After waging a pitched battle last year to ban many types of stem cell research, opponents of such science are conducting a more subtle campaign. Led by Republican Rep. Jim Lembke of south St. Louis County, opponents this year have quietly attempted to thwart such research by sprinkling restrictions on scientists throughout the state legal code.
They have tried with some success to place restrictions into the state budget, into laws regarding government buying of private property and into the spending of proceeds from the partial sale of the state’s student loan agency.
Such restrictions would prevent scientists who receive state money or work in laboratories built with state money from conducting such research. The prohibitions would apply whether the stem cells were taken from clusters left over from fertility treatments or created artificially in a lab through a process called therapeutic cloning.
The approach is far different than last year, when opponents pushed a ban on all efforts to grow stem cells in the lab. The tactics have changed for two reasons: Last year’s effort to impose a ban was blocked by Sen. Chris Koster’s dramatic stand in the laboratory door. And this year, supporters of such a ban have been stymied by the petition drive to put the issue on the November ballot.
Most state lawmakers are glad to let voters decide whether to allow Missouri scientists to conduct all stem cell research permitted by federal law. But the key issue remains the same: Does research on early — also called embryonic — stem cells destroy human life or is it a harmless laboratory procedure that holds the potential to cure a host of chronic diseases?
The latest controversy arose when Lembke offered a bill to direct grants from Missouri’s tobacco settlement into certain kinds of research, but specifically excluding research on early stem cells. The debate that followed showed just how hardened the positions on both sides have become.
Rep. Sam Page, a Creve Coeur Democrat, and Rep. Rob Schaaf, a St. Joseph Republican, spoke about the potential of early stem cells to cure chronic diseases.
“Opponents of stem cell research are a group that is very idealistic and locked into a belief that cells in a lab dish are full-fledged persons and that their destruction is murder,” Schaaf said. “I don’t believe that.”
The debate over the morality of cloning cells ended with the Republican-dominated House voting against a ban on research seeking ways to try to give birth to a cloned human.
“‘No implantation’ is the other side’s compromise,” Lembke said. “They say it solves the problem. But that would require us to succumb to their assertion that the sanctity of life is based purely on location. Our point is that therapeutic cloning involves destruction of life before implantation.”
The biggest target of opponents is a process known as somatic cell nuclear transfer, sometimes called therapeutic cloning. In SCNT, the nucleus of an egg cell is removed and replaced with the nucleus of a body cell. The cell eventually will grow into a ball of cells, including the early stem cells that have the potential to become every cell of the body. Scientists hope the cells can lead to cures for diabetes, Parkinson’s disease, spinal injuries and a wide variety of other ailments.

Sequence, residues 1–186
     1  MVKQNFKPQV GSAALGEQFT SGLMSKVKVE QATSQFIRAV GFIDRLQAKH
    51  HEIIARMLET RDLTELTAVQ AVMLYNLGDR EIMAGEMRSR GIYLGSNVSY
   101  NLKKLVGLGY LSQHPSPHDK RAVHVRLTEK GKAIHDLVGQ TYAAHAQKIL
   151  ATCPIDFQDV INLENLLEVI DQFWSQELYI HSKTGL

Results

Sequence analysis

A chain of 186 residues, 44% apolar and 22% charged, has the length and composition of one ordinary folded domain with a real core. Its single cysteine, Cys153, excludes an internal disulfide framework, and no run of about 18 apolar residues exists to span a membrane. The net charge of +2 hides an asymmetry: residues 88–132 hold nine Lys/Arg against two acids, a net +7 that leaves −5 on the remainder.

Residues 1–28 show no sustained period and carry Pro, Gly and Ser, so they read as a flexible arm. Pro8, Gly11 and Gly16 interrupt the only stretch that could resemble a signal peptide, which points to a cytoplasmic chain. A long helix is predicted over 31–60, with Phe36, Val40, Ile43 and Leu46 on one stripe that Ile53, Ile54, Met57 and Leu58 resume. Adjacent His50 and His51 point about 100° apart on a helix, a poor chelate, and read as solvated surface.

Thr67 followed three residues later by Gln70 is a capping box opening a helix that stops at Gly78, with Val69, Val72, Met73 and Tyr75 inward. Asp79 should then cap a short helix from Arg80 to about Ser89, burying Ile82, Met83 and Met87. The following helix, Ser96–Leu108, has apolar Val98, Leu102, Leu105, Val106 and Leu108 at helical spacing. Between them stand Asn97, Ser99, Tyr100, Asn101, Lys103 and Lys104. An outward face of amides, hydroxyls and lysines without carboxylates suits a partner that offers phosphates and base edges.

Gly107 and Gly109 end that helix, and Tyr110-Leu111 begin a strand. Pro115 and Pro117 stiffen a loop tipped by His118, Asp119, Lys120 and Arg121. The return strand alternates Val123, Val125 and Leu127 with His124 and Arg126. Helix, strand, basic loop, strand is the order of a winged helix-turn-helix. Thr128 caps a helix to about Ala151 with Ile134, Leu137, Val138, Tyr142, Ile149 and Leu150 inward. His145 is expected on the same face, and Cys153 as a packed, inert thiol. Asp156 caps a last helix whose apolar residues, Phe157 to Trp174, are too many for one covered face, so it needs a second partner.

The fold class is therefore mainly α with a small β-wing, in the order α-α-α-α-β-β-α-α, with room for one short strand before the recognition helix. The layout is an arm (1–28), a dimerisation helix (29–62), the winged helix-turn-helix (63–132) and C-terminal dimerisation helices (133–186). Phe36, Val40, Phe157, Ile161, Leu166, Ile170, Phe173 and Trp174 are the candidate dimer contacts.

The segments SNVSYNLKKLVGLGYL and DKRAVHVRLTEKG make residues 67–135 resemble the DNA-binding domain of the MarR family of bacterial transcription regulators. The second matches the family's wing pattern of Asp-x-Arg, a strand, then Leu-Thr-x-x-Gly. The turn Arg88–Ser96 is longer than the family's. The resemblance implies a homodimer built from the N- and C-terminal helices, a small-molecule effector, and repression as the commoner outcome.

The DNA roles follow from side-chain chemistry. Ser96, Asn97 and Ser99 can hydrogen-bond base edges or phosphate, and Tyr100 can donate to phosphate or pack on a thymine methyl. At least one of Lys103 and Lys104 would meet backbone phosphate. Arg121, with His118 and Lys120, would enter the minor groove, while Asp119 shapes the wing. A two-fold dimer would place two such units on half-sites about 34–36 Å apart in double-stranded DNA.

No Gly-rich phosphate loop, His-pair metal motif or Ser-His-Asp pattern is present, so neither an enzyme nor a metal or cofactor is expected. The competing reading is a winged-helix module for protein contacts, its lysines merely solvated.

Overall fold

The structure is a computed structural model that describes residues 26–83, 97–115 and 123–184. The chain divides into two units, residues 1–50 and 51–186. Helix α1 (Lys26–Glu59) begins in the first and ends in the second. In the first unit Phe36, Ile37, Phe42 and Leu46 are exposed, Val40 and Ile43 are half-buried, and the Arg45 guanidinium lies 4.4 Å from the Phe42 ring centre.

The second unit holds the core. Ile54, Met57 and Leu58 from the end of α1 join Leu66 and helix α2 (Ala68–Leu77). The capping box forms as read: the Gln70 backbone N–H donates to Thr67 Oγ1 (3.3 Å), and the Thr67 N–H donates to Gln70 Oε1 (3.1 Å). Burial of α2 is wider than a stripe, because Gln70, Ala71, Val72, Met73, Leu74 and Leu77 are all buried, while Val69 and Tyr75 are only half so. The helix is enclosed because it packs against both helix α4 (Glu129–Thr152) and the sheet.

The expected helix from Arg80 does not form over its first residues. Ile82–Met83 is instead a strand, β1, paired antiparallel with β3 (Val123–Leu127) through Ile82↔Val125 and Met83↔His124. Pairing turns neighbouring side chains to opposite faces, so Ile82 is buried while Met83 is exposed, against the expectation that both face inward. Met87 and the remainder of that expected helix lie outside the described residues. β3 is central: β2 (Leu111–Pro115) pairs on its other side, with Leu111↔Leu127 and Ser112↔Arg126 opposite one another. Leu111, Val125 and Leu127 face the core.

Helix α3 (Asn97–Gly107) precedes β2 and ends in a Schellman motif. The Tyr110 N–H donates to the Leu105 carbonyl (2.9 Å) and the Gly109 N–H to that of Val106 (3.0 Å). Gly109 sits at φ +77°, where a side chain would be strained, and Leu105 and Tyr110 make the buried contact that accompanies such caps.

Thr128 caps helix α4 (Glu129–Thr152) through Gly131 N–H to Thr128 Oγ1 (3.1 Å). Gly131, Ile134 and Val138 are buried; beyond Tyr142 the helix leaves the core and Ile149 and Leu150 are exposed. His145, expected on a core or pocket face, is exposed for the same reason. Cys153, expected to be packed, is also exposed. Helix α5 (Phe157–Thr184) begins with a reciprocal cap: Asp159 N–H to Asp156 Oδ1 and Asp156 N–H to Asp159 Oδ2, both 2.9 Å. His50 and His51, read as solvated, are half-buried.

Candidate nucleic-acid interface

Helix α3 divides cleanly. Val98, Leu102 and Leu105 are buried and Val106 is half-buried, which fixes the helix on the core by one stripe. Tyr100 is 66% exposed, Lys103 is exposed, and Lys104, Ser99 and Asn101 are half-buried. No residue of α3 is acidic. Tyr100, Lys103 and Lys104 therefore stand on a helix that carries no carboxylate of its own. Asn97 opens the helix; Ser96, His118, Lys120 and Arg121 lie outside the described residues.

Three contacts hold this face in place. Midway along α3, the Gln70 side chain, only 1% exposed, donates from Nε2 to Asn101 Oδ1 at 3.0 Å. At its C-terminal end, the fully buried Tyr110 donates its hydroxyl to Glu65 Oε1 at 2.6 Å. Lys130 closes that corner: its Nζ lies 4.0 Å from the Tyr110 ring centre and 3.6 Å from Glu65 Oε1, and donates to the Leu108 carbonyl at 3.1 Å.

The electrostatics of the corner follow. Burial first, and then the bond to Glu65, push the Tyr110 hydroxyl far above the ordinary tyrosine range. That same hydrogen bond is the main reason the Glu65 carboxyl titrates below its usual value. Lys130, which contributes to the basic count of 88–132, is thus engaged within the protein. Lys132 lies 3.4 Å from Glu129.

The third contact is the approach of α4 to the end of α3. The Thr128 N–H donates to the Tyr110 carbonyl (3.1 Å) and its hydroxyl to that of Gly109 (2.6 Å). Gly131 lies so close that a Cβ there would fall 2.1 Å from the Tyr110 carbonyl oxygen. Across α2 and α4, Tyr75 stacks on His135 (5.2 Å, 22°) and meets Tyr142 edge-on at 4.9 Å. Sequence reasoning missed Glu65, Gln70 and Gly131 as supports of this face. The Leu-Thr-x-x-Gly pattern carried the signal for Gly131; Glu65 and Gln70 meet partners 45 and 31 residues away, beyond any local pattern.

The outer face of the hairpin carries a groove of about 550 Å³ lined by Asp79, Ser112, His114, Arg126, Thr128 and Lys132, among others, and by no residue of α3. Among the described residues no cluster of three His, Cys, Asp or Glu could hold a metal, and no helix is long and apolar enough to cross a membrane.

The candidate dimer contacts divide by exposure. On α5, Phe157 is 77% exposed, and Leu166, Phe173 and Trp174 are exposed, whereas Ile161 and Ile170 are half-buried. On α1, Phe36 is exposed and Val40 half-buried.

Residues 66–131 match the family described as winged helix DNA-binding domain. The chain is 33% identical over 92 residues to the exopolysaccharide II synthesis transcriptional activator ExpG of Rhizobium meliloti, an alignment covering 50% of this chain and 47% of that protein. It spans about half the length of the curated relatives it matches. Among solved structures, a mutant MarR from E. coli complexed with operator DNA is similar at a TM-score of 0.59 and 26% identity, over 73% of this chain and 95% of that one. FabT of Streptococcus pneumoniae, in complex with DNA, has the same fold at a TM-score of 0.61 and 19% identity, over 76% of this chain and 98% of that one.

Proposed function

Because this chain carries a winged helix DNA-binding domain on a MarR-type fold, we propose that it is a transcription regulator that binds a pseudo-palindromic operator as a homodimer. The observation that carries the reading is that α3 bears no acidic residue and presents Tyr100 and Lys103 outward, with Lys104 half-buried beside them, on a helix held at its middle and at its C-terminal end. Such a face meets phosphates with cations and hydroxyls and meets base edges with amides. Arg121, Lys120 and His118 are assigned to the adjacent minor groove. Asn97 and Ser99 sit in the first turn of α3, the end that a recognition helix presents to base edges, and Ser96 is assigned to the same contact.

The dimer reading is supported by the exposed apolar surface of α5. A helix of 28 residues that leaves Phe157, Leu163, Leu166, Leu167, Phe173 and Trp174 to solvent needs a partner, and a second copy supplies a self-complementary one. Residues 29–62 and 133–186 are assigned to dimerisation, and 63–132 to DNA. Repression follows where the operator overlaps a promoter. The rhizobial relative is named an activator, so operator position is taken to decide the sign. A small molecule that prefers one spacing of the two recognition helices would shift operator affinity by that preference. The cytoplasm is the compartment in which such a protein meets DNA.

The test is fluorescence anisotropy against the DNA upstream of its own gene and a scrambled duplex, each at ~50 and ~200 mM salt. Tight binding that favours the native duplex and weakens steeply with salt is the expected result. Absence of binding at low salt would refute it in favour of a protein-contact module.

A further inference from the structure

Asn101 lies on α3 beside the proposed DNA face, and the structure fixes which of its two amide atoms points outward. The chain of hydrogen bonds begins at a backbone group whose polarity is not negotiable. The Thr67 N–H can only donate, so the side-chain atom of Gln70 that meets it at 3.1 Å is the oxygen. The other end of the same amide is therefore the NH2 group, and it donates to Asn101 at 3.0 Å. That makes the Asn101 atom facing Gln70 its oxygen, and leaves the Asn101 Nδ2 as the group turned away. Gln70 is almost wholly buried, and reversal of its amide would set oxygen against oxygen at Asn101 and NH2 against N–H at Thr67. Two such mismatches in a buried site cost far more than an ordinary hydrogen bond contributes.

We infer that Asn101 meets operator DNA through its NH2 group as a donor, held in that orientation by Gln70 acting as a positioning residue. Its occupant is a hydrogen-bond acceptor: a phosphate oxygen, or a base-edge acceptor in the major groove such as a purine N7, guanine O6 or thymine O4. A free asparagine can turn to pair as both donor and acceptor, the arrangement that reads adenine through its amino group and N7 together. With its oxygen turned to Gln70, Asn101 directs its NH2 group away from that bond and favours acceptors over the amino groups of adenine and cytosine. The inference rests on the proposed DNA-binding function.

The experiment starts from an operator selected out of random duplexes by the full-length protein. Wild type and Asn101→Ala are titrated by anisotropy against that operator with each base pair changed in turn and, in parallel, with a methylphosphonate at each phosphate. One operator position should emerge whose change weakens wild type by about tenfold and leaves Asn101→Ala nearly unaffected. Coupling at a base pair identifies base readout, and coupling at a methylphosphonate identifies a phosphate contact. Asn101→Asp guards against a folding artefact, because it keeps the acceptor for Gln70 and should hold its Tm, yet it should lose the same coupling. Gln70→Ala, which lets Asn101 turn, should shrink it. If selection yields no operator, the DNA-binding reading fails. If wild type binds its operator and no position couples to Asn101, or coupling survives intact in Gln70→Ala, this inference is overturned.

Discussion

Opponents, however, say the process creates a microscopic human being who is a clone of the person who donated the nucleus. Removal of the stem cells kills a child, they say.
Lembke’s bill would direct $3 million to $4 million a year toward research on the body’s regenerative cells, often called adult stem cells. But the bill, he said, was mainly intended to send a message.
“The public thinks a small group of legislators in Jefferson City are trying to derail all science and all stem cell research,” Lembke said. “We’re against SCNT and embryonic stem cell research. We’re not against all stem cell research.”
Page and Schaaf said they viewed Lembke’s bill as a way to confuse the public and make people think that adult regenerative cells have the same potential as early stem cells.
“Opponents claim the moral high ground based on their religious beliefs,” Page said. “But if they don’t like SCNT, then they don’t have to participate in it or the cures that are found.”
Lembke said the issue has no middle ground.
“The two sides can’t find a compromise because it would entail the pro-life community to acknowledge that the life continuum starts at a point other than conception,” Lembke said.
The repeated skirmishes over stem cell research are likely to continue, he said, no matter the outcome of this year’s initiative campaign.
“This conveys to voters that this battle is not going away,” Lembke said. “It is still raging among elected representatives.”
Holocaust Education and Awareness Commission
The House voted 151-0 last week to create a commission that would promote the creation of Holocaust education and awareness programs throughout Missouri.
The legislation, which earlier passed the Senate on a 30-1 vote, now goes to Gov. Matt Blunt. Spence Jackson, Blunt’s spokesman, said the governor would sign it.
The commission would encourage understanding of the Holocaust that took the lives of six million European Jews from 1933 to 1945. Through that lens, the commission would seek to discourage bigotry and “deter indifference to crimes against humanity and human suffering wherever they occur.”
“The governor believes the Holocaust was a terrible period in world history, but one that must be understood by future generations as a way to prevent such an atrocity from happening again,” Jackson said.
Kit Wagar is the statehouse correspondent for the Kansas City Star. He can be reached at 816-234-4440 or by sending e-mail to [email protected]